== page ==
Government & Politics

Landrieu administration hasn’t provided budget documents

Although Mayor Mitch Landrieu pledged to make the city budget process more open and accountable, his administration has failed to comply with open-records laws and make public the budget requests submitted to him by department heads.

The Lens asked for the department-level requests on Sept. 30, hoping to get a look at what each city agency was asking for and why. We planned to compare those to the budget that Landrieu will publicly release to the City Council on Friday.

Apparently, we’ll have to make that comparison after Landrieu releases his budget – if the administration releases the requests.

State law says public records should be turned over immediately to anyone requesting them, unless the records are in use. If the records are in use, then a public official has to say so – and is required by law to set a time and date in three days for when they can be publicly reviewed.

City Attorney Nannette Jolivette Brown wrote on Oct. 4, but only provided half of the required information: She said they were in use but not when we could see them.

“Please note that departmental budget requests are actively being used in preparation of the City’s 2011 budget; accordingly, the budget requests are not available for immediate review.

“As soon as our office has been notified that the budget requests have been compiled and are available for review, you will be notified to schedule a time for your review of the records.”

Neither Landrieu, Brown nor a city spokesman responded to requests for comments.

Landrieu’s first executive order was designed to speed up the budget process, requiring the budget to be given to the council by Oct. 15, rather than Nov. 1. That will give the council two more weeks for its public hearings and deliberations.

He also said he is committed to making the budget more user friendly, and he held public meetings to gather citizen input on their budget priorities.

Residents attending those meetings made it clear they wanted more access to budget documents and a clear accounting of city spending.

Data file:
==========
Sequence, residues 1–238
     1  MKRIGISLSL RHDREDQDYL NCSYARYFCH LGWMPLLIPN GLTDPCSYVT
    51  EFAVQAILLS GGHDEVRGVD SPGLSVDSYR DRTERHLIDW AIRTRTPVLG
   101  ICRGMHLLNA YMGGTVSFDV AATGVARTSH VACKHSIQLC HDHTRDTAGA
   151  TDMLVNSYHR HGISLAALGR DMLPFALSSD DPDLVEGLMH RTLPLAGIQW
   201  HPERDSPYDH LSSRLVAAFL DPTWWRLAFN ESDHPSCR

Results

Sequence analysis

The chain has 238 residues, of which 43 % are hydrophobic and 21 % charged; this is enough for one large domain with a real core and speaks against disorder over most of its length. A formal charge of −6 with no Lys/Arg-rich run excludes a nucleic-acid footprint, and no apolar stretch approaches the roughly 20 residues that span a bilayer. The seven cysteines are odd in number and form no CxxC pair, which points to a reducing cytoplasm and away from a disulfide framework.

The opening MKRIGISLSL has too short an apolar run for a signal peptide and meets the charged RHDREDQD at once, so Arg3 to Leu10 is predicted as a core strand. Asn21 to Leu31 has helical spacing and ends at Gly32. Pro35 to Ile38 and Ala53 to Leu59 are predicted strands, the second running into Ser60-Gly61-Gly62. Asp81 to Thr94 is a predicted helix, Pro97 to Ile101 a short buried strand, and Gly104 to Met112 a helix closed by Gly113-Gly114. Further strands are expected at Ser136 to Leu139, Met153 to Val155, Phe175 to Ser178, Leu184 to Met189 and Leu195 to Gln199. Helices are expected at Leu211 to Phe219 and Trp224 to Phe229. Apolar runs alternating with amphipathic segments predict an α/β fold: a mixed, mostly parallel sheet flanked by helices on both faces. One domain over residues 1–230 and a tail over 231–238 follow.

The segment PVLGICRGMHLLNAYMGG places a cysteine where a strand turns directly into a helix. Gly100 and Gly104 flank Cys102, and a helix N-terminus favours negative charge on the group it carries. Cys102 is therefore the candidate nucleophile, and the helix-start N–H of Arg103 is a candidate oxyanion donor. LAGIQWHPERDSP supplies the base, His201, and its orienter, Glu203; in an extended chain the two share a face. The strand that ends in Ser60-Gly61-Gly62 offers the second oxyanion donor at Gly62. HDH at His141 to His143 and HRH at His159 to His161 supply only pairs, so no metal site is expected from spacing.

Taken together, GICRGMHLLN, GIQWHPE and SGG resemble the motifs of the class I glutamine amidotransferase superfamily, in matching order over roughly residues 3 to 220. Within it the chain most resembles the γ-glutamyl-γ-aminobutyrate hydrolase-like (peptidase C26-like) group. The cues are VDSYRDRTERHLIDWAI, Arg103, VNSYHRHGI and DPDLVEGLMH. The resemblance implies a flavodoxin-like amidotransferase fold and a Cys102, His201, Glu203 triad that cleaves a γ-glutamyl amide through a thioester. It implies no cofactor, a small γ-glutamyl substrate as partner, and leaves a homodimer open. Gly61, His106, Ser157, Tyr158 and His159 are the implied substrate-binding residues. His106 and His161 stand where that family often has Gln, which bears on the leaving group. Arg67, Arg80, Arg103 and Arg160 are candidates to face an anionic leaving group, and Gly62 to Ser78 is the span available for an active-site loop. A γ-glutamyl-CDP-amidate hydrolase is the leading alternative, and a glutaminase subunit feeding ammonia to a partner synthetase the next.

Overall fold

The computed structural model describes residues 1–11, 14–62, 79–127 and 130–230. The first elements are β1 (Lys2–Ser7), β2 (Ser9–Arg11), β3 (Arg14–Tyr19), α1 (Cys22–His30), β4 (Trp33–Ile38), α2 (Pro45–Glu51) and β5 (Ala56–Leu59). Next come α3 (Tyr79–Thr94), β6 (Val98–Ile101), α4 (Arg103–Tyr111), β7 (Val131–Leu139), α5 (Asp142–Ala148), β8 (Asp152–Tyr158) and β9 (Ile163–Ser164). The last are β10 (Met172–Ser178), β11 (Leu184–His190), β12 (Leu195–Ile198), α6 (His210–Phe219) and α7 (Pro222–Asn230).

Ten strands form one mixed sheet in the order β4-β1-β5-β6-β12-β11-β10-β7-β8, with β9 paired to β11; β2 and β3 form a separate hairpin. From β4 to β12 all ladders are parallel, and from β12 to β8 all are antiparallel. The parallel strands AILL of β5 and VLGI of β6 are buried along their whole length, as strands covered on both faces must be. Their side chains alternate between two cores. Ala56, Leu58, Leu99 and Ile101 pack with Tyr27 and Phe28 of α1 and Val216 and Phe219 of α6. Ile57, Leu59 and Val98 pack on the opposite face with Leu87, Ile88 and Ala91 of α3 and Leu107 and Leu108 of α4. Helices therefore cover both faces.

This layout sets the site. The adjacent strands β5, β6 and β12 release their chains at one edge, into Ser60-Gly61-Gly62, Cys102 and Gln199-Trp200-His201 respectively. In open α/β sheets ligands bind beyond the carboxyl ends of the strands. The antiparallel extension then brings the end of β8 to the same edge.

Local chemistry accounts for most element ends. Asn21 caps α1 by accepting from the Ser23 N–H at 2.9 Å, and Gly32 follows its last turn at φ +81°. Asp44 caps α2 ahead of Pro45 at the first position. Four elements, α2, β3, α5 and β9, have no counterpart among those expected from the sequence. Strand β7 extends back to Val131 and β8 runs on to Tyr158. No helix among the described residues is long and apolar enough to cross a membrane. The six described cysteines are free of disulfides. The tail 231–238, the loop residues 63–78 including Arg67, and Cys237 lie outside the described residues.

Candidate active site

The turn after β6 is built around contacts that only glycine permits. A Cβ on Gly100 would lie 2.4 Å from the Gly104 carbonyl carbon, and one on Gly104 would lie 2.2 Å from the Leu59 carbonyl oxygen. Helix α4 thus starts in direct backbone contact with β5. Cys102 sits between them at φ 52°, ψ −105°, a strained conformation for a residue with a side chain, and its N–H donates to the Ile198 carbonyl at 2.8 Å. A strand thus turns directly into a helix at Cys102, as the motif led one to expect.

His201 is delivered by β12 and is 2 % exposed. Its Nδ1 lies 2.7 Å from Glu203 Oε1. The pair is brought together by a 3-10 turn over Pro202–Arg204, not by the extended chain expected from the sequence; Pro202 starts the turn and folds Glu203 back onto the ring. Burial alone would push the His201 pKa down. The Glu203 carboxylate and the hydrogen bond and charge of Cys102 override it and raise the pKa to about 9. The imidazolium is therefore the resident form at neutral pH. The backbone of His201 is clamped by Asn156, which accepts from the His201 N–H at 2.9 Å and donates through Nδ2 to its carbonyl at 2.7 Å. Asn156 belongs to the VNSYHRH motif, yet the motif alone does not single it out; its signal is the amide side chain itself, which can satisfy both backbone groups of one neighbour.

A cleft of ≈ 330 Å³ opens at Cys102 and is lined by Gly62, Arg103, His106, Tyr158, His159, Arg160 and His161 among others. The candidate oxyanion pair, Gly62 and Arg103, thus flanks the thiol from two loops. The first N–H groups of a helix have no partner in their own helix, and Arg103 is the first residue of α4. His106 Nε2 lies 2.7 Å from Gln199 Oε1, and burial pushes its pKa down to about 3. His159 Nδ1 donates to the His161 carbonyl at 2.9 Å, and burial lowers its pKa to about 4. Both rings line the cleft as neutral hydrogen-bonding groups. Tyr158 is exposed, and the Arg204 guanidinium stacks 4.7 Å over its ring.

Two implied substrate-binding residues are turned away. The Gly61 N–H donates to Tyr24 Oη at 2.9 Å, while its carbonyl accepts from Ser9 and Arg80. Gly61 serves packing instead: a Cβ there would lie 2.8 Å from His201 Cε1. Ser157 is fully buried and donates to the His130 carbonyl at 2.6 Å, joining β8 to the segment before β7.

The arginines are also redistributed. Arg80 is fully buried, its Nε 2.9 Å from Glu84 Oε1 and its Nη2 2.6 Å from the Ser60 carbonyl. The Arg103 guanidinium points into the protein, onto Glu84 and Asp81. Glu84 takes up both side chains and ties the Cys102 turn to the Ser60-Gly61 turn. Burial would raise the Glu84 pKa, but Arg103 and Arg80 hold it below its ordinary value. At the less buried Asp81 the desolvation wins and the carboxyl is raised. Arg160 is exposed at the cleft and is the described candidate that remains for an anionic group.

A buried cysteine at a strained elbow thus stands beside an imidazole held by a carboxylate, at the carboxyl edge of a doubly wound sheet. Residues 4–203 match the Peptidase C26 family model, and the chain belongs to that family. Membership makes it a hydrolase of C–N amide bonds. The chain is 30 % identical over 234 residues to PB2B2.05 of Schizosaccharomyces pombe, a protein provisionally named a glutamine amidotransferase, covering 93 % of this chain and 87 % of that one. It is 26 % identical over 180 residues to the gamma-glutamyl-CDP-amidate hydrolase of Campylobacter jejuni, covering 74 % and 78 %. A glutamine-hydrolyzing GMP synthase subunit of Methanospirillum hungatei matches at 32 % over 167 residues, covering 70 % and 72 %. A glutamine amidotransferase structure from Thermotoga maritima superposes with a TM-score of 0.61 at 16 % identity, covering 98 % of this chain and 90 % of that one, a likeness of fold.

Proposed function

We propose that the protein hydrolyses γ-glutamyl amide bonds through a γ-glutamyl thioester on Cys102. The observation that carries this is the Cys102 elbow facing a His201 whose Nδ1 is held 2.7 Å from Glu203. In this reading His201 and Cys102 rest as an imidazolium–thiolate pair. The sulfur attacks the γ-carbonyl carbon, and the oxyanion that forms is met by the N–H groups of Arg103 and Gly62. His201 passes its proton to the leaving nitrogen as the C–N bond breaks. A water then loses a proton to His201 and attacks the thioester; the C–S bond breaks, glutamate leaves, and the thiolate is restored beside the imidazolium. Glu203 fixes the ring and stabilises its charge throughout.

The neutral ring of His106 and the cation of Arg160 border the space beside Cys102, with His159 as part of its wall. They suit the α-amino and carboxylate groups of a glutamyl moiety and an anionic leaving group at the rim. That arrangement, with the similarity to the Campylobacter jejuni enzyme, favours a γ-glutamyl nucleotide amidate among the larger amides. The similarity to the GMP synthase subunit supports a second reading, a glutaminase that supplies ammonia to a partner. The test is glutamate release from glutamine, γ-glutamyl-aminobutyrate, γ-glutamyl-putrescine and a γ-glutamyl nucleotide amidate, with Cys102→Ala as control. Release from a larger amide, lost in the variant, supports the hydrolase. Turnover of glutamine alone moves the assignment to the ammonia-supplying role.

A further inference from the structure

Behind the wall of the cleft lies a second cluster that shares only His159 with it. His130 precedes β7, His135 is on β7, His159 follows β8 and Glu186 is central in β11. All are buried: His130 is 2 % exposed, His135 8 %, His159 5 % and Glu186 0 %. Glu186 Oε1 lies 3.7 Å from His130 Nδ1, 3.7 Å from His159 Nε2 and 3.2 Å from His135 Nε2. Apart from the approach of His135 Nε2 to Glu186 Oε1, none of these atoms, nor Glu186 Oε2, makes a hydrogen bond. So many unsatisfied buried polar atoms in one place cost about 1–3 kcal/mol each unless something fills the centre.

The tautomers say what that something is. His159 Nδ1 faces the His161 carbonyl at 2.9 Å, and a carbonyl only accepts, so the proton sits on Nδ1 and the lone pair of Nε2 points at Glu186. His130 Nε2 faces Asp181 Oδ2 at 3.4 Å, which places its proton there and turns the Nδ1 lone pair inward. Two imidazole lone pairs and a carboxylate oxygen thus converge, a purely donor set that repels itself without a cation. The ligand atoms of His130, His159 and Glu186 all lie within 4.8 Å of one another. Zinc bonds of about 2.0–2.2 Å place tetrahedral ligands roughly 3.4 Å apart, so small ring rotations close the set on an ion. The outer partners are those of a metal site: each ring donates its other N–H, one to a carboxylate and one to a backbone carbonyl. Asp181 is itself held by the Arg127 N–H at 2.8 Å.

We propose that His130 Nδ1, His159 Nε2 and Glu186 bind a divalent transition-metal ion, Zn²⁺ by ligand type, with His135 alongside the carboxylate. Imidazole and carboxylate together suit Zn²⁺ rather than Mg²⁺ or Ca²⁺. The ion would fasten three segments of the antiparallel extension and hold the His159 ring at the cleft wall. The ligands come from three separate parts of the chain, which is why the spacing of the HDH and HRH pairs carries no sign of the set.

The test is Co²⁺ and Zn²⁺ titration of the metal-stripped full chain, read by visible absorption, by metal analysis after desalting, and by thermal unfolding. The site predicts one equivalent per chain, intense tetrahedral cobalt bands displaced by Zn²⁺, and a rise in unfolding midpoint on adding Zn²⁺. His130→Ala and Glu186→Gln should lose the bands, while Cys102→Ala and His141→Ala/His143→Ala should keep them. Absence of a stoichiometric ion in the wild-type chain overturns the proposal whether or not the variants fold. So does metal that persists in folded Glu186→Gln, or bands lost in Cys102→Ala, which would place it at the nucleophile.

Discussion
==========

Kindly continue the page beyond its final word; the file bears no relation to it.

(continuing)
“We believe that this budgeting process will create a much more transparent and accountable process,” Landrieu told The Times-Picayune at a news conference in June.

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About Steve Beatty

Steve Beatty is the publisher and chief executive officer of The Lens. He worked as an editor for The Times-Picayune for 15 years, leaving New Orleans just before Katrina to take a position as an editor at The Atlanta Journal-Constitution and quickly rising through the ranks to be an editor of the newspaper’s watchdog investigative team. He returned to New Orleans in May of 2009. He can be reached at (504) 655-2375.

  • Call me crazy, but if the Mayor is delivering a budget to the City Council on Friday, October 15 the documents used to construct the budget (especially the kind of budget this one is likely to be) may be in use from September 30 until then.

    And that assuming that each city agency has actually submitted their budget requests to City Hall in a legible fashion.

    Though the red tape is frustrating, especially in light of state law, my gut feeling is this is something more mundane than just not wanting to display the documents. I guess we’ll see Friday.

  • The Editor

    Hey Cousin Pat: The departments turned in their requests on Aug. 1. The administration has had two months to look over these initial requests. And the state law is clear — even if the documents are in use, they have to be made available for review in three days. It’s not like we’re going to take them out of circulation for a long time. It would take me just a few minutes to photocopy or scan each department request. The provision is in the law so public agencies can’t claim records are “in use” indefinitely, thereby subverting the law. — Steve Beatty